Armstrong Treasure Hunt: Wimshurst Machine

Written by Mike Lally ‘18

If one were to walk around Bicentennial Hall, one could see strange contraptions, ranging from one foot high to three feet all, behind glass that appear to be large discs with mallets attached.

Wimshurst Machine

Could these bizarre items be unusual clocks? Perhaps they were used in auditory demonstrations. After all, couldn’t the mallets bang on the disc as a musical instrument? No, the purpose of these machines was not to create sound, but electrical charge.

A device such as this is known as a Wimshurst machine. Invented in the 1880s by James Wimshurst, they belong to class of machines called electrostatic generators. Unlike other apparatus that create an electrostatic spark, a Wimshurst machine does so using induction rather than friction.

The two insulated discs rotate around, often by a mechanical crank, passing by neutralizer bars and brushes. Charges are induced onto the discs and collected onto the combs near the surface of the discs. The charges increase exponentially until the dielectric breakdown voltage of air is reached. When this occurs, a spark is created. The jars are Leyden jars, an early type of capacitor, and act to increase the accumulated charge.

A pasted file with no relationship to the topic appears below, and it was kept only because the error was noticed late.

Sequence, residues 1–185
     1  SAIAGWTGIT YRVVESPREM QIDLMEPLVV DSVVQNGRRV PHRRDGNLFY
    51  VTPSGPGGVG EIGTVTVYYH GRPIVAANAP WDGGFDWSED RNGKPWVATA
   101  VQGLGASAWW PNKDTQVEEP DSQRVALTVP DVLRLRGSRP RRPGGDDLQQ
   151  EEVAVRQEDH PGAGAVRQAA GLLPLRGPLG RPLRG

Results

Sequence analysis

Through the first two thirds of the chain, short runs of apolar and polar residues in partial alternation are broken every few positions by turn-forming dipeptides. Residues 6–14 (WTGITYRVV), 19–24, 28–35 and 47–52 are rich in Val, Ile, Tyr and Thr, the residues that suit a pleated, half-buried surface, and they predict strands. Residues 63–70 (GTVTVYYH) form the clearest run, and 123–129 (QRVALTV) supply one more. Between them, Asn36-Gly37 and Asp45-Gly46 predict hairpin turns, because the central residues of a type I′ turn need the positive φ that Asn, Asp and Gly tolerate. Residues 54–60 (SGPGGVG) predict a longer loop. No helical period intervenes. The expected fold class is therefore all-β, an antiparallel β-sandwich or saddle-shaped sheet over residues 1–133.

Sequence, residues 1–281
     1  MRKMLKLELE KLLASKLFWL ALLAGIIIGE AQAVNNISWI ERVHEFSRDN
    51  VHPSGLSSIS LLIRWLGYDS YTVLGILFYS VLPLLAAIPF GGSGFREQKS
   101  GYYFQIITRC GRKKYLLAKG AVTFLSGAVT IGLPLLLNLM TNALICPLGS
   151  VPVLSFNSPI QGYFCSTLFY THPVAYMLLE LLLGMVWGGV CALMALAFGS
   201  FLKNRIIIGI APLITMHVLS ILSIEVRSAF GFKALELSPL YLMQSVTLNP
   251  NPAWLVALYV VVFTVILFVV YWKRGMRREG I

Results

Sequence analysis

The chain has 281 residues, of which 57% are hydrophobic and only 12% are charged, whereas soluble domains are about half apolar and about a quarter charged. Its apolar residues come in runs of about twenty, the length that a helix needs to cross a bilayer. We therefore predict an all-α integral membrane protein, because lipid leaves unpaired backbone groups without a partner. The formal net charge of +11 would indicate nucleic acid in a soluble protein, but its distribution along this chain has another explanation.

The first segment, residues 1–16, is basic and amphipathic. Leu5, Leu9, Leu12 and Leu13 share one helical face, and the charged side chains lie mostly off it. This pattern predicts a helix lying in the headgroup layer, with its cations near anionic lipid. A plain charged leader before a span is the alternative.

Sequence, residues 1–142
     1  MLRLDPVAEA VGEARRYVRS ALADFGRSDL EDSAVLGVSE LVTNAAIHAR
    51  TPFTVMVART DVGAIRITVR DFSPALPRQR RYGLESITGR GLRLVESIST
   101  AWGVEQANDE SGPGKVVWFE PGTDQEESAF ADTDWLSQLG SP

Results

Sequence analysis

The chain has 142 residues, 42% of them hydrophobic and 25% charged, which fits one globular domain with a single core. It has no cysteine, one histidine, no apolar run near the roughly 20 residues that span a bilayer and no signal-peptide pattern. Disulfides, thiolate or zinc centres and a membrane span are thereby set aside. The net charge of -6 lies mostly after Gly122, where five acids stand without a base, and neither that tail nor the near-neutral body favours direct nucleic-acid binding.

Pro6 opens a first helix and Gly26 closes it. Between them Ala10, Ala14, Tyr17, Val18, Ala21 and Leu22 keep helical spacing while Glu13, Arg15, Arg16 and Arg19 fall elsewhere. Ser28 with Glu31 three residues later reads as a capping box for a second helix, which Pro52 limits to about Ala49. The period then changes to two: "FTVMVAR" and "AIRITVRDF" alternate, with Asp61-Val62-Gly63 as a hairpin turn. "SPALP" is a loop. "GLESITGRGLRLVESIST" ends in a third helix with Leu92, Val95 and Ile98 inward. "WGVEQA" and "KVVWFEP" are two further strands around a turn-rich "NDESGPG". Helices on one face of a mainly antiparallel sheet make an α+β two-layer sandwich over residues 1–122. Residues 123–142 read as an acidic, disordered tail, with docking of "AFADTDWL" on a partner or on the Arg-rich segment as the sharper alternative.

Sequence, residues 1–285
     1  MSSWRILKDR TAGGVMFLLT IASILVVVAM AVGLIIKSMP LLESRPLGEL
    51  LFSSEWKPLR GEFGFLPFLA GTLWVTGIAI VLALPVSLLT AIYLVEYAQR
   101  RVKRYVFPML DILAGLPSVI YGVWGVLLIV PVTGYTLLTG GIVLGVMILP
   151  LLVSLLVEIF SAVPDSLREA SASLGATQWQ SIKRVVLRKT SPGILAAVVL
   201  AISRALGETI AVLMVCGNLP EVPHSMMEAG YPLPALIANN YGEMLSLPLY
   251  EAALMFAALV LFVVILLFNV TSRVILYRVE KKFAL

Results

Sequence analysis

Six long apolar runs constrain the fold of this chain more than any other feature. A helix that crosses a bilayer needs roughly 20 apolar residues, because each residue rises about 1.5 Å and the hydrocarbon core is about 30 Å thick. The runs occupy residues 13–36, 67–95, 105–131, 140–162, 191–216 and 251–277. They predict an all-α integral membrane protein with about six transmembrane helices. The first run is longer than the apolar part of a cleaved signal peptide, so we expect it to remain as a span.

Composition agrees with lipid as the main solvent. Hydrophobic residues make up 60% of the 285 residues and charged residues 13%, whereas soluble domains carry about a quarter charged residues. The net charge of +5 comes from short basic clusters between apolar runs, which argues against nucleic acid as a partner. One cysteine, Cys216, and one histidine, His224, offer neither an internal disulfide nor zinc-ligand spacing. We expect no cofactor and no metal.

This machine, although able to show the effects of electrostatic charges, can be put to other uses.

Professor Ernest C. Bryrant demonstrating how to operate this Wimshurst machine to students in a physics lab (c.1934).

By connecting it with a chain to an electrostatic orrery, such as that in the 5th floor display of BiHall, one can observe the charges actually turning the orrery. Indeed, there are quite a few electrostatic machines that are within the Middlebury Antique Science Collections that could be connected to a Wimshurst machine for amusing and educational demonstrations.
Wimshurst machines at Middlebury College can be found on the 5th floor of BiHall and in Armstrong Library.

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